The cities of Montreal and Laval are each under a state of emergency and rising water levels continue to wreak havoc over parts of Quebec—it's only going to get worse.
There has been a lot of information on the flooding, so here's a look at the key things you need to know.
The Emergency Management Act gives the authorities the power to move quickly to centralize and coordinate responses.
If your home is affected by flooding and the water levels continue to rise, authorities ask that you leave your home for your own safety.
Firefighters are making the rounds of affected areas to ensure that residents are not in danger.
Residents who voluntarily decide to leave their home as a precautionary measure are asked to advise their municipality of the situation.
Rigaud has declared a state of emergency. Other municipalities are trying to combat the floods. Here's what you need to know in a nutshell. (CBC)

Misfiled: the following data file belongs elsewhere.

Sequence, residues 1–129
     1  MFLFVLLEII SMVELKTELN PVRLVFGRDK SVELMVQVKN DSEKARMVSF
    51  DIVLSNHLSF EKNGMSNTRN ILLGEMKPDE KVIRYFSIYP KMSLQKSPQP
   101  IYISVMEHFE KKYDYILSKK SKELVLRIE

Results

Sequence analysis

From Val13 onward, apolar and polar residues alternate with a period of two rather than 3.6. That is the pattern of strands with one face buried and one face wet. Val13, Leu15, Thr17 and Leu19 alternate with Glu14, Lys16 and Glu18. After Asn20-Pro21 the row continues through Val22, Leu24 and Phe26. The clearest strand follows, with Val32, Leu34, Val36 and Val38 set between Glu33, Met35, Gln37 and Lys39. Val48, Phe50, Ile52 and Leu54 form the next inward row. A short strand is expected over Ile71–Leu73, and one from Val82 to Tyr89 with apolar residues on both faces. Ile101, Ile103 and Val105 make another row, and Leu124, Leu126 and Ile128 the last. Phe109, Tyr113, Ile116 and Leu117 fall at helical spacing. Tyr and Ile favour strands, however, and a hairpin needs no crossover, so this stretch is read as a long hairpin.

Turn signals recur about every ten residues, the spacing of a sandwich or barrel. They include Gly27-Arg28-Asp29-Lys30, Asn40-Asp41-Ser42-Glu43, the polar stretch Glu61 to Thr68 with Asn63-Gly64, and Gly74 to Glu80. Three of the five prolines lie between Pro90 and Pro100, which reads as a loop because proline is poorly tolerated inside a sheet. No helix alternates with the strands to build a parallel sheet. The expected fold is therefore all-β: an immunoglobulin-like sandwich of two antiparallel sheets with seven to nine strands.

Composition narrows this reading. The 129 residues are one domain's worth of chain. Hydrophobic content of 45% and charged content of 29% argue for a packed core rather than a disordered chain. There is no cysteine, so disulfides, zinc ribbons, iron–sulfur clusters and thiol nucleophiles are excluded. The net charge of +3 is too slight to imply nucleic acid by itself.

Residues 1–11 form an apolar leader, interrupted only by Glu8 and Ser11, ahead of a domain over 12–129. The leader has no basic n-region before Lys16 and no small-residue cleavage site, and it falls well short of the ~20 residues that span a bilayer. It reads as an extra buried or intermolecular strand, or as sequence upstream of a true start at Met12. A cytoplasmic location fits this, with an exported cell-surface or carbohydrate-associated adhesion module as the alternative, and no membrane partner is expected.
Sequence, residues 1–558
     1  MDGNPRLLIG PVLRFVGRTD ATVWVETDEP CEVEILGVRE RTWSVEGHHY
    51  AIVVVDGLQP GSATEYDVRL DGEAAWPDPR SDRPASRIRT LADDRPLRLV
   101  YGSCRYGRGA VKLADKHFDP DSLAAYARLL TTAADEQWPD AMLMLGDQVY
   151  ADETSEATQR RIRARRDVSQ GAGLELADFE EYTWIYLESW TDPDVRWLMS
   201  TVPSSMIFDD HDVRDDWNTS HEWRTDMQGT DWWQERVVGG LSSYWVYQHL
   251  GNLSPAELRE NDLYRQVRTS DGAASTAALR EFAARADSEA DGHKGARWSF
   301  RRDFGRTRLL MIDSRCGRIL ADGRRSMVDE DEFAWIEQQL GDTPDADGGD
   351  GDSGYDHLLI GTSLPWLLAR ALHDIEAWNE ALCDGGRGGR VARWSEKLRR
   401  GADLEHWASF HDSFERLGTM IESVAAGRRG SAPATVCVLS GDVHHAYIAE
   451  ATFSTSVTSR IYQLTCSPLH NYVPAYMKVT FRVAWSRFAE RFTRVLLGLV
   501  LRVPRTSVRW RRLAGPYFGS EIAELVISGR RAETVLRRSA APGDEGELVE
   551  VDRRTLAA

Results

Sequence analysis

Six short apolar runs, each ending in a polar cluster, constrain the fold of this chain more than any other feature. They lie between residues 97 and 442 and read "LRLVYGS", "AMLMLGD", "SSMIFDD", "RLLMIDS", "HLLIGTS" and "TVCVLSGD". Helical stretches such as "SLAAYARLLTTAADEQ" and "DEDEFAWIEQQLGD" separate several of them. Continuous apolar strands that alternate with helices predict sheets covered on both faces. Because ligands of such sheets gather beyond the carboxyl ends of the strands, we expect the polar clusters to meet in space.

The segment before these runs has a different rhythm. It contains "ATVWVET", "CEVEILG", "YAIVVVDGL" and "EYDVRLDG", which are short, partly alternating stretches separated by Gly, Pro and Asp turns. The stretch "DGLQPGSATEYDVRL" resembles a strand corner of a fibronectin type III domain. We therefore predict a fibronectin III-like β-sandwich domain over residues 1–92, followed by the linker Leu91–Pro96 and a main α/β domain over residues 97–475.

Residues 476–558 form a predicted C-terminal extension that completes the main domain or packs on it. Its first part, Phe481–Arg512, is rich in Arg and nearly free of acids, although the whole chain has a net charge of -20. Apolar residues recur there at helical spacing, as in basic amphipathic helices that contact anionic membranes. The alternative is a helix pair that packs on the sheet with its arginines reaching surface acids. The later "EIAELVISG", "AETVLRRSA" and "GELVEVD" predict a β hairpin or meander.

The City of Montreal is asking residents not to move their cars from their properties if they are surrounded by water.
Residents who need to leave their homes are advised to bring pieces of identity and an emergency kit with all the basic items needed for 72 hours, including water, food, clothes, keys, money, as well as your phone and its charger.
A row of beds set up at a community centre turned emergency shelter in Île Bizard. The area has been heavily hit by flooding this week. (Charles Contant/CBC)
The Red Cross also set up an emergency centre at Pierrefonds Comprehensive High School.
The City of Montreal has sandbags on hand for areas affected by flooding.
Borough workers will drop them off and help residents set them up around their properties.
Volunteers in and around the West Island have been lending a hand to fill and deliver bags as well.
For people looking to help, some communities are looking for volunteers to fill sandbags on Sunday.
As of Thursday, Quebec's Public Security Ministry reported 490 requests for compensation related to flooding have been made since April.
It's a dramatic increase compared to 2016, when a total of 61 claims were filed for the entire year.
Fire officials are reminding anyone running a propane or gas generator not to operate it indoors. Keep it outside to ensure proper ventilation.